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Environmental monitoring goes underground

Meaco have been manufacturing and installing radio telemetry systems since 1993 when the very first wireless system for collecting data on temperature and humidity in museums was supplied to the V & A. Since then hundreds of radio systems have been installed right across the UK and Europe in museums, stately homes, libraries and archives.

Every site has it own unique challenges for radio technology. Under ideal conditions radio signals can travel for miles. Put a few obstacles in the way and the distance radio travels starts to reduce. If you happen to be in a castle with three metre thick stone walls radio transmissions can be seriously impaired!

So when Meaco was approached by English Heritage to install a wireless monitoring system in the Secret Wartime Tunnels at Dover Castle the project turned out not only to be one of the most interesting jobs, but also one of the most challenging.

The tunnels were dug during the Napoleonic Wars about fifteen metres below the cliff top, to house at its peak more than 2000 soldiers. During WWII the tunnels were converted into an underground hospital, telephone exchange and command centre and it was from here that the evacuation of Dunkirk was co-ordinated.

The remit of the project was for English Heritage to be able to monitor and record the environmental conditions within the tunnel complex and to be able to view this data from their London office.

The biggest challenge to the project was to devise a method of getting the radio data out of the tunnels back to a networked PC. Radio signals do not travel very far underground let alone through fifteen metres of chalk and soil. Fortunately, running through the tunnels was a ‘leaky feeder’ cable. A leaky feeder is a communications system used in underground mining and other tunnel environments to allow two way radio communications. The plan was to use the leaky feeder system to piggy back the radio data back along the tunnels to a point where the information could be transmitted back to the networked computer without interfering with normal radio operations.

Additional challenges included monitoring in locations where the cable didn’t run. The sensors were placed on an extension leads allowing the transmitter to stay within range of the leaky feeder and the sensor to be placed where the monitoring was required – up to one hundred meters away.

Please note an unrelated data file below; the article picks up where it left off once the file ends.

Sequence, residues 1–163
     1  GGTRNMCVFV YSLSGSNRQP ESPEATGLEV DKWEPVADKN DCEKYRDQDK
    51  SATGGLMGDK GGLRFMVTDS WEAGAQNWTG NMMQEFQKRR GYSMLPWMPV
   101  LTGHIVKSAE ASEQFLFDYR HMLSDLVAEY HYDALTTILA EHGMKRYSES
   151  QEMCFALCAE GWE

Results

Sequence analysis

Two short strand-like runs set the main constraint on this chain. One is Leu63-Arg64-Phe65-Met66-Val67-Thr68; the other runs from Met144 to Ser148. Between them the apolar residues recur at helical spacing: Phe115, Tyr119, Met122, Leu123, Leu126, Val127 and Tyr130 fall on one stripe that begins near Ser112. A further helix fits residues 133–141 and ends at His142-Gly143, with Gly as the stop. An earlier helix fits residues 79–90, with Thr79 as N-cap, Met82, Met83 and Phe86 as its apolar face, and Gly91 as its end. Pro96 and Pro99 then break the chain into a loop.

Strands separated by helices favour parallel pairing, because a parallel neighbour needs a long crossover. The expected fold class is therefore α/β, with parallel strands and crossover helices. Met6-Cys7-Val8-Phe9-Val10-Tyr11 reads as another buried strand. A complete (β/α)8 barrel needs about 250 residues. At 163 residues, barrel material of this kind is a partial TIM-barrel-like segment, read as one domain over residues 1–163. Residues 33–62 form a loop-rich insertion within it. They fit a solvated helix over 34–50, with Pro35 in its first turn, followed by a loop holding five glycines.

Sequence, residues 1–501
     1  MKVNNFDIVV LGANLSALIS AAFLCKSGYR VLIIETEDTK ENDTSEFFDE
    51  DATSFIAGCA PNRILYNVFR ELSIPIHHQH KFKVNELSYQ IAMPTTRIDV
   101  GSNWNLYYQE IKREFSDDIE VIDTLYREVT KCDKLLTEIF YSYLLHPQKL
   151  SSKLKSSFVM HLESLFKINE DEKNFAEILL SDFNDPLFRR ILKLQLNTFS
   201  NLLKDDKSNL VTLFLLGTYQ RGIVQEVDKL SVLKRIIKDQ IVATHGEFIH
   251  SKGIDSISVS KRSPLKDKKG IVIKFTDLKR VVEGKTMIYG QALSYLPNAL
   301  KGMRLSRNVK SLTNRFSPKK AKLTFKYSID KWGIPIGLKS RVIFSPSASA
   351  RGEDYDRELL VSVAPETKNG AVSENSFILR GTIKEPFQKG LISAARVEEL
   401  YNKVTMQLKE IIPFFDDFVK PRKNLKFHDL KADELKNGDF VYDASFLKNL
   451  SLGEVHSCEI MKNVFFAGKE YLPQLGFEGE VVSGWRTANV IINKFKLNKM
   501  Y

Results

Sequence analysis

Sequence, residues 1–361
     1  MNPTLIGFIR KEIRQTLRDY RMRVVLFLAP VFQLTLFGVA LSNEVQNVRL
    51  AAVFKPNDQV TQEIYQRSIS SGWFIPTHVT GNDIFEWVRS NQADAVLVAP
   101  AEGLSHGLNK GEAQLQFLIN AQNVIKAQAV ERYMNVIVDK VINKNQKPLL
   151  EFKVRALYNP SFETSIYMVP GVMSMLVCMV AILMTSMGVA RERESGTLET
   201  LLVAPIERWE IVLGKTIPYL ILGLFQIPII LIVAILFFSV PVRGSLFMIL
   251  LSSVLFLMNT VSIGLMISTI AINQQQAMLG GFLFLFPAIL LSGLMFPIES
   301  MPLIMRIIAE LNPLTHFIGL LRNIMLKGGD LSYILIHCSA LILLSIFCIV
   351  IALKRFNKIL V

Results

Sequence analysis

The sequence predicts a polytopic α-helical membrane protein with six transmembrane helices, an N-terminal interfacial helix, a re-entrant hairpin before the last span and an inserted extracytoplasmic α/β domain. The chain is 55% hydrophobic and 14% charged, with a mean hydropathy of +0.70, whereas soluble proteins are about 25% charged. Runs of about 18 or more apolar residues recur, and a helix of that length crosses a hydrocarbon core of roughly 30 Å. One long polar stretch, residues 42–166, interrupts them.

The environmental conditions of the site also had to be taken into consideration and the effect they could have on the equipment. The high humidity levels and salt content in the air would seriously compromise less reliable sensors so the decision was made to use industrial enclosures in conjunction with HygroClip sensor that offers an accuracy of +/-1%rh from 0 to 100%. The sensors themselves were fitted with Teflon filters to prevent any contamination getting onto the sensor filament to ensure accurate and reliable readings despite the difficult conditions.

Once the radio data reached the surface it was relayed back to the monitoring PC where the information could be viewed on the Sensia monitoring software. Sensia can be viewed via networks or the internet and this made remote access to the data from the London office very straight forward.

The end result is a wireless environmental monitoring system across three levels of the tunnel complex providing real-time data that can be viewed across the English Heritage network and enable the dedicated members of staff react proactively to adverse conditions within the site. It also shows that whatever type of building or monitoring application you may have Meaco have the tools, experience and flexibility to overcome the hardest challenges.

www.meaco.co.uk